• Principle 7: Practice is not just about adapting, but is also about being able to adapt the adapting and learn. This is because people are in continual co-evolution with the environment and, as there will never be a ‘steady-state’ balance or equilibrium, anticipatory innovation will always be required. One cannot adapt once and then stop.

• Principle 8: Different decision-making and problem-solving styles are required for different situations. Because practice involves inevitable novelty and change over time, there can never be a ‘one-size-fits-all’ solution, nor can ‘optimized’ processes be used as ‘best practice’ in all situations. Indeed, many modelling tools are just not fit for purpose in the face of real-world complexity.

• Principle 9: When reasoning about change, past evidence does not guarantee future prediction. This means that, though we may have evidence of a past train of events, there is no guarantee that we can extrapolate a reliable prediction from this into the future. As there are limits to what we can know and observe, there will always be uncertainties and unknowns, and that we must accept this as a given. A key skill for practice and risk management is envisioning, and being prepared to act on possible, not probable, futures.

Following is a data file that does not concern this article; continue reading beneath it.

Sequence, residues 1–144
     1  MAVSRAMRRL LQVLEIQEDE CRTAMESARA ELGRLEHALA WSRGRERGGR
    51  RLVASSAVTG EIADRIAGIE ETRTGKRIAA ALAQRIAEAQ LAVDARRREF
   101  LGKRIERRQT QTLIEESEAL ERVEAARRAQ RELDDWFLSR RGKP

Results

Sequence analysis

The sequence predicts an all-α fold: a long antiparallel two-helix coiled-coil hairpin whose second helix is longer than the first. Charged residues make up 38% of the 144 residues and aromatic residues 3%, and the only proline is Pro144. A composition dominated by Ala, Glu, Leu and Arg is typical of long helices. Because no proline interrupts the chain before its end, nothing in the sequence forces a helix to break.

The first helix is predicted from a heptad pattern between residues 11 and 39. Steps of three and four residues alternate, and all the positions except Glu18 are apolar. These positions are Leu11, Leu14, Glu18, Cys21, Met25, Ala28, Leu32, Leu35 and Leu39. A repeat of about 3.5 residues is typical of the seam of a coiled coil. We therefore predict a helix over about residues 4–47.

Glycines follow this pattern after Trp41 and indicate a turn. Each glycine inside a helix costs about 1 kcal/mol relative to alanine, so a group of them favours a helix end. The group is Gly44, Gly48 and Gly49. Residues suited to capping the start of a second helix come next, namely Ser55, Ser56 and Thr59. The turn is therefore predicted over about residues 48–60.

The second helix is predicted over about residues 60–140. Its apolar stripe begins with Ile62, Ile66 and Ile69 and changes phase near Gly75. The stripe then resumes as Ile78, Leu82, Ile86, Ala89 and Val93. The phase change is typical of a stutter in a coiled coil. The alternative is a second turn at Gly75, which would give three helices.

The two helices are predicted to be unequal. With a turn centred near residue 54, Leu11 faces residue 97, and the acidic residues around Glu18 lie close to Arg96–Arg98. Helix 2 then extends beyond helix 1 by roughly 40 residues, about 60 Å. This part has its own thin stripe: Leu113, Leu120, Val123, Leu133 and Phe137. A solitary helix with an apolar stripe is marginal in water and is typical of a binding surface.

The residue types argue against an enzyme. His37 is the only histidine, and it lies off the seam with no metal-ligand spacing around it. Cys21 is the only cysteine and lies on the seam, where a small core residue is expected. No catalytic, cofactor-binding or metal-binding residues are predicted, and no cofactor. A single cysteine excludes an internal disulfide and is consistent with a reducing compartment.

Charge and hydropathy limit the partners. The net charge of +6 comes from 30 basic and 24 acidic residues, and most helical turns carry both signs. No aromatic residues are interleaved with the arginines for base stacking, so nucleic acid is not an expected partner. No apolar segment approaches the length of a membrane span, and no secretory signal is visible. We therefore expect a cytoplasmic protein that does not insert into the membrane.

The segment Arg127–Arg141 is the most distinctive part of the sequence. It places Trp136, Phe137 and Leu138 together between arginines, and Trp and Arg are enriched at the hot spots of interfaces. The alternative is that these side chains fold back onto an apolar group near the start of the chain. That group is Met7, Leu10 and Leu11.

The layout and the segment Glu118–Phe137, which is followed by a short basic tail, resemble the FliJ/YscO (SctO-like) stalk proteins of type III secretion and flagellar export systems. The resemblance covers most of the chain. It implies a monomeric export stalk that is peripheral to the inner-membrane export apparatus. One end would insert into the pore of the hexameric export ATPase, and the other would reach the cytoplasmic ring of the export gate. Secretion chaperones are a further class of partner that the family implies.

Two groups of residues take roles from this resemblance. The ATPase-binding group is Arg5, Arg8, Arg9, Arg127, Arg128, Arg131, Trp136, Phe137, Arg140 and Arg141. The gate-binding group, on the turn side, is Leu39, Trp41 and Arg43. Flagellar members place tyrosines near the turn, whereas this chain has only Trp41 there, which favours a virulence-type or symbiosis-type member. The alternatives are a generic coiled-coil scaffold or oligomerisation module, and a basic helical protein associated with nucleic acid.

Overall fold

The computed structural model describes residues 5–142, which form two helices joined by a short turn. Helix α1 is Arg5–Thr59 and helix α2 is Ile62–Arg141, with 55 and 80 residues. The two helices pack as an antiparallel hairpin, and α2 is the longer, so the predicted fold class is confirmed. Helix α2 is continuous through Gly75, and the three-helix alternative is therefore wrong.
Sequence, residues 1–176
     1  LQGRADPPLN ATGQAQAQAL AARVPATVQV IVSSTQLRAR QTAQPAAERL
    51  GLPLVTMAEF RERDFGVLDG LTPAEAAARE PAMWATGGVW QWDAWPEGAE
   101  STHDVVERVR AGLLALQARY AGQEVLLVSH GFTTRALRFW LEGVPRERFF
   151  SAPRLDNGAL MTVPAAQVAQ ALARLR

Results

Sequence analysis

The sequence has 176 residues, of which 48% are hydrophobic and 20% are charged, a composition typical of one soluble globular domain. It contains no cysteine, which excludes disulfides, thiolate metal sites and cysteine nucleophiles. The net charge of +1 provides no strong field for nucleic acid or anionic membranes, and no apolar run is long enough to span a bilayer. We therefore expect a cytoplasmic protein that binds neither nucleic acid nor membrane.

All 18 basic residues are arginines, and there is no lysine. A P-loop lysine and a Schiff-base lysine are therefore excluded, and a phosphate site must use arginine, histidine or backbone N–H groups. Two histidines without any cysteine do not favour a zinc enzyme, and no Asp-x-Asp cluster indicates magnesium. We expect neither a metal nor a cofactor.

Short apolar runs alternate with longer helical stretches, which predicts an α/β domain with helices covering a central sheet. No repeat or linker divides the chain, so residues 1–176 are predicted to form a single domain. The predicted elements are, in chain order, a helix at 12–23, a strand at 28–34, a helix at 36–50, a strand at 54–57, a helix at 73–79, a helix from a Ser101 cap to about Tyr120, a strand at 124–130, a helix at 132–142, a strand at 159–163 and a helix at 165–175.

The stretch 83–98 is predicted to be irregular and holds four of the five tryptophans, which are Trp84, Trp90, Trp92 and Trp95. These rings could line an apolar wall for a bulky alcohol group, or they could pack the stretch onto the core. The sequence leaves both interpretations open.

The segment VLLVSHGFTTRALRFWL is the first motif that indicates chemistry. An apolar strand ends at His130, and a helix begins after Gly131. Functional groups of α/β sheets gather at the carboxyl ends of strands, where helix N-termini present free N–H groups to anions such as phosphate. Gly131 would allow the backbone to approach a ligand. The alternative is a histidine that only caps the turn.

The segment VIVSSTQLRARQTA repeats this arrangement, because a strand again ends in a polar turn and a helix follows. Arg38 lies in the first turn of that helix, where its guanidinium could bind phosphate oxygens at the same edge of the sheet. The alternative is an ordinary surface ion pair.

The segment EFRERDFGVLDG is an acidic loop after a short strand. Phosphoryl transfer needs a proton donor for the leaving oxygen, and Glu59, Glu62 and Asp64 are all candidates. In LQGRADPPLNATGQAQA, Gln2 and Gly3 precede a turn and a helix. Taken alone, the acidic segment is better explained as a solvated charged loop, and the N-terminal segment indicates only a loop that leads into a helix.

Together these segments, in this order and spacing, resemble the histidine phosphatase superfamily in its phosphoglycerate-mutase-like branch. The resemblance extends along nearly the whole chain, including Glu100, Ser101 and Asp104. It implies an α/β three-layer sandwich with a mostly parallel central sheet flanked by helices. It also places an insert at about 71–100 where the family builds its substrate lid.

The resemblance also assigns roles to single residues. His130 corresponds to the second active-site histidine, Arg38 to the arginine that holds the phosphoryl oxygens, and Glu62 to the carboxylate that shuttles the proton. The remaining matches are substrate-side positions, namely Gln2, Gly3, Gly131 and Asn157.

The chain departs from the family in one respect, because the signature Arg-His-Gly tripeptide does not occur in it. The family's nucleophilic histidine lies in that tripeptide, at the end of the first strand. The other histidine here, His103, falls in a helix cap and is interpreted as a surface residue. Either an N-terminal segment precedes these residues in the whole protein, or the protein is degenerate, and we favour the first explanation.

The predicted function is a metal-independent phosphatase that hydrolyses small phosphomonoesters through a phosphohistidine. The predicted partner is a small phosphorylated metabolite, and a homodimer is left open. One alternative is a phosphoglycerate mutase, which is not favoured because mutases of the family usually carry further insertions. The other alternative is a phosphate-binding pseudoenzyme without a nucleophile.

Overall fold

• Principle 10: When innovating, transition to new forms may be the only valid option. Because of the inevitable novelty already mentioned, the transformation from non-adaptive capabilities to being appropriately complexity-worthy will require purposeful, ongoing, innovation and adaptation. Gradual, superficial, incremental transition is just not an option in some unsettling circumstances.

• Principle 11: Change will be impeded unless appropriate degrees of freedom and ‘wiggle room’ are available. Being open to change means appreciating where the ‘spaces of possibilities’ are, and how to maximize and exploit them. A misplaced drive for control, repeatability and certainty may clamp down on the very space that is needed for adaptive behaviour to flourish.